By Ashley Kath-Bilsky

If you could go back in time and revisit a specific day or moment in your life, when would it be, and why? Would you try to change something you did, or a path you chose that led you to your present place and time? Perhaps you’d like to go back to have just one more conversation with someone you love – a mother, father, grandparent, spouse, or friend –someone who has passed on leaving you with so many unspoken words or unanswered questions?

There is no denying that I love history and the concept of time travel, or that both have played an important role in my desire to write historical fiction. Whether or not there is time travel in each of my novels, the period in which the story is set always provides me with that imaginary time travel experience, and I hope that the reader feels the same way.

But with Thanksgiving around the corner, and as the vibrant colors of autumn will soon fade and make way for winter, my thoughts turn not to a historical setting of a book, but to my lifetime.

Like many others, I reflect and count my blessings. I ponder the lessons I have learned, the stumbles I have made, and the dreams I still want to achieve. And, invariably, like a rising mist from a distant memory, I also think about loved ones, neighbors, teachers, and so many other people (most of whom died a long time ago), yet who continue to impact my life.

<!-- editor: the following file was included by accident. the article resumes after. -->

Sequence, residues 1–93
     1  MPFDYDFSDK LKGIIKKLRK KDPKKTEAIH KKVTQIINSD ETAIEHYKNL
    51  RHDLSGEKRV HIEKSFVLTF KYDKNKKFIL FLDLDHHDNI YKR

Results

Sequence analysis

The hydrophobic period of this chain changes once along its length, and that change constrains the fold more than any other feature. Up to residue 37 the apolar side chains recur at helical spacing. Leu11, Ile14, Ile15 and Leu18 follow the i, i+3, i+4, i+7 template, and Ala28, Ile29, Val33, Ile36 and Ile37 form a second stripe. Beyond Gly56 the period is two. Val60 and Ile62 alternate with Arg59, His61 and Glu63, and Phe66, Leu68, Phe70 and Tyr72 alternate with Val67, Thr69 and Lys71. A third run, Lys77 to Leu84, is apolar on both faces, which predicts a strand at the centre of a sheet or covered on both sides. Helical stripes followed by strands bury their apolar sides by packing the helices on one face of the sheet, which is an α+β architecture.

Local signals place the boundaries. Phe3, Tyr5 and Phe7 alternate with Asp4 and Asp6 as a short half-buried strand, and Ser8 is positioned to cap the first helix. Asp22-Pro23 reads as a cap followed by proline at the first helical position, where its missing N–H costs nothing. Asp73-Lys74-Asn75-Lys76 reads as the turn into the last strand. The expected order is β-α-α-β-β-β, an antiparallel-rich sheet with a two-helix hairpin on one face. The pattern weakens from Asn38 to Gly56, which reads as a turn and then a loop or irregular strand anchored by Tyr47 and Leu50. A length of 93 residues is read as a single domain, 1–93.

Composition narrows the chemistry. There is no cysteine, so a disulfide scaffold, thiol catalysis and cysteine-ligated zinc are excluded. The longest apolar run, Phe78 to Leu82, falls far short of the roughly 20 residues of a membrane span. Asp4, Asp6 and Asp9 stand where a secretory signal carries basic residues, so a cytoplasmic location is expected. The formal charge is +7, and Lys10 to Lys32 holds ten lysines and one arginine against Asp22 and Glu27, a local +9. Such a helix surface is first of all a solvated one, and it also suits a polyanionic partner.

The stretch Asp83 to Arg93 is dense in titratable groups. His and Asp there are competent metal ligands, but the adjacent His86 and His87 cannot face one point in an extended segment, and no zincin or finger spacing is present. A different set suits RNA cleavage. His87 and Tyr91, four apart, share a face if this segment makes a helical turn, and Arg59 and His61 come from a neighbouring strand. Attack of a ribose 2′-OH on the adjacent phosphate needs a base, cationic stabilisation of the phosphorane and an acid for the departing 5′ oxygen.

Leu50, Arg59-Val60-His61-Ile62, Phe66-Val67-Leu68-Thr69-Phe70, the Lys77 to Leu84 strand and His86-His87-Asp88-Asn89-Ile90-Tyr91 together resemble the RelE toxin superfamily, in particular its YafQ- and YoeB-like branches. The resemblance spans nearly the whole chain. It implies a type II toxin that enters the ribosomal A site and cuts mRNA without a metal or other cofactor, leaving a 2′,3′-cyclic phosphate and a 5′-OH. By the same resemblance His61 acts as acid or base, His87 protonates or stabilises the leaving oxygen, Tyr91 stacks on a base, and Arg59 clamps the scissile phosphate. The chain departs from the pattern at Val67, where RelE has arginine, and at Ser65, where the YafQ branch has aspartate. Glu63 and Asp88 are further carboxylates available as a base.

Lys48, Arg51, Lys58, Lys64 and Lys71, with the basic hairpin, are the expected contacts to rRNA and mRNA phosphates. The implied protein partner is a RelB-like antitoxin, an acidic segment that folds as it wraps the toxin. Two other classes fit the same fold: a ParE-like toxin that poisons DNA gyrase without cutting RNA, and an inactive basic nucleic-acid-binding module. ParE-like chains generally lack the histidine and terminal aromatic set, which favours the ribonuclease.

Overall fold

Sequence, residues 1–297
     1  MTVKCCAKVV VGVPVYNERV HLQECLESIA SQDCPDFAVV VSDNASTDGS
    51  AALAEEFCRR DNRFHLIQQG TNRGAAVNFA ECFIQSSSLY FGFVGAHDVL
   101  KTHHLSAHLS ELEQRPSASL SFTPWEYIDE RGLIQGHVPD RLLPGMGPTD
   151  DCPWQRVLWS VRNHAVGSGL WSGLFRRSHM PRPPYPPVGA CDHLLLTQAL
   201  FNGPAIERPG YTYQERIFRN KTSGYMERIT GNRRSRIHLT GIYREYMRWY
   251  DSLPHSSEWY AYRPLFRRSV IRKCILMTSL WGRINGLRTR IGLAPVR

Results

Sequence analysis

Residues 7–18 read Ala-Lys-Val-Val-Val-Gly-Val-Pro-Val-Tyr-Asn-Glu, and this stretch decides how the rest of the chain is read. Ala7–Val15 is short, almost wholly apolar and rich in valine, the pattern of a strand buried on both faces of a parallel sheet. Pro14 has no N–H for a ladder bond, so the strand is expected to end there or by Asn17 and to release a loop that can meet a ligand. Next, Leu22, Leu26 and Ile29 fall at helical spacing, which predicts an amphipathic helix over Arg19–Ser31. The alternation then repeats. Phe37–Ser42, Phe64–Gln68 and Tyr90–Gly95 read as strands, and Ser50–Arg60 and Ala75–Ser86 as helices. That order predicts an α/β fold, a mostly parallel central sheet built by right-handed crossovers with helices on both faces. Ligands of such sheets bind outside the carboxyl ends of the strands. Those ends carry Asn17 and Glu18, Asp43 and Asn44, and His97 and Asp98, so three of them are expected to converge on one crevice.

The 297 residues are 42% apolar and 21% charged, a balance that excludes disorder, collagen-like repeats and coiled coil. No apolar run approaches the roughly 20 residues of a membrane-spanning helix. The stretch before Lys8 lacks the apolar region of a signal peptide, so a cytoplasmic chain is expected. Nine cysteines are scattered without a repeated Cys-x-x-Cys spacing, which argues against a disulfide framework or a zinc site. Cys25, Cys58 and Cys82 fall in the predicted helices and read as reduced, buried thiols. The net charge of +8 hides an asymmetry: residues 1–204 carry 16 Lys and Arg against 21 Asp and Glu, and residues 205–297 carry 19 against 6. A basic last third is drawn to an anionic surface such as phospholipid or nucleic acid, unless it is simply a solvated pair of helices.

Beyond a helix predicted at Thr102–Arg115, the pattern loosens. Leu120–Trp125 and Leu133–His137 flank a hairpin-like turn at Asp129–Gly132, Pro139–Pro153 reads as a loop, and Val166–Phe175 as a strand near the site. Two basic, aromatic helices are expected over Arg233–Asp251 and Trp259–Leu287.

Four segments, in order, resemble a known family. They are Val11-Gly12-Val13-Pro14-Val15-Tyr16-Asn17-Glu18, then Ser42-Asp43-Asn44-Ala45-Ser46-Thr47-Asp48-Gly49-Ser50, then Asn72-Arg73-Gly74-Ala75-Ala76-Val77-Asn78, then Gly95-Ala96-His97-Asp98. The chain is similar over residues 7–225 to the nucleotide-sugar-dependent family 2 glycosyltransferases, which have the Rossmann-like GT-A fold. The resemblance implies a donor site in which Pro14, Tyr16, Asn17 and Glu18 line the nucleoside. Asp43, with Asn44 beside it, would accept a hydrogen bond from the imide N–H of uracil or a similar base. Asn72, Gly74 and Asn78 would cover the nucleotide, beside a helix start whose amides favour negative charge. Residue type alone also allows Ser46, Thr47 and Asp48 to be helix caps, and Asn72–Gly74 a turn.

There was my pediatrician, Dr. Edwin Toddy, who cared for me since my birth and would come to our home with his black doctor’s bag whenever I was sick…which was often. I remember his concerned expression as he listened to my breathing, and the curious thump, thump, thump sound as he tapped my back to check for congestion. For every illness, big or small, this dear man treated me, and I’m sure all his patients, as if they were members of his family.

There was Mr. Sturgess, the retired policeman turned crossing guard who, whenever he saw me bundled up in a snowsuit and hardly able to walk, would smile, lift me up and carry me across the snowy streets safely to the schoolyard. He knew all the children by name, and he loved my mom’s fruitcake every Christmas. I see his smile now, as well as his somber expression when he told me I could not walk home on the opposite side of the street with a school friend because he knew I would eventually have to cross the street without his supervision to reach my home.

There was the school custodian whose kind face I remember, but whose name I cannot recall. Each Halloween he would open the school up and have apple cider and plain cake donuts for all the children out trick or treating.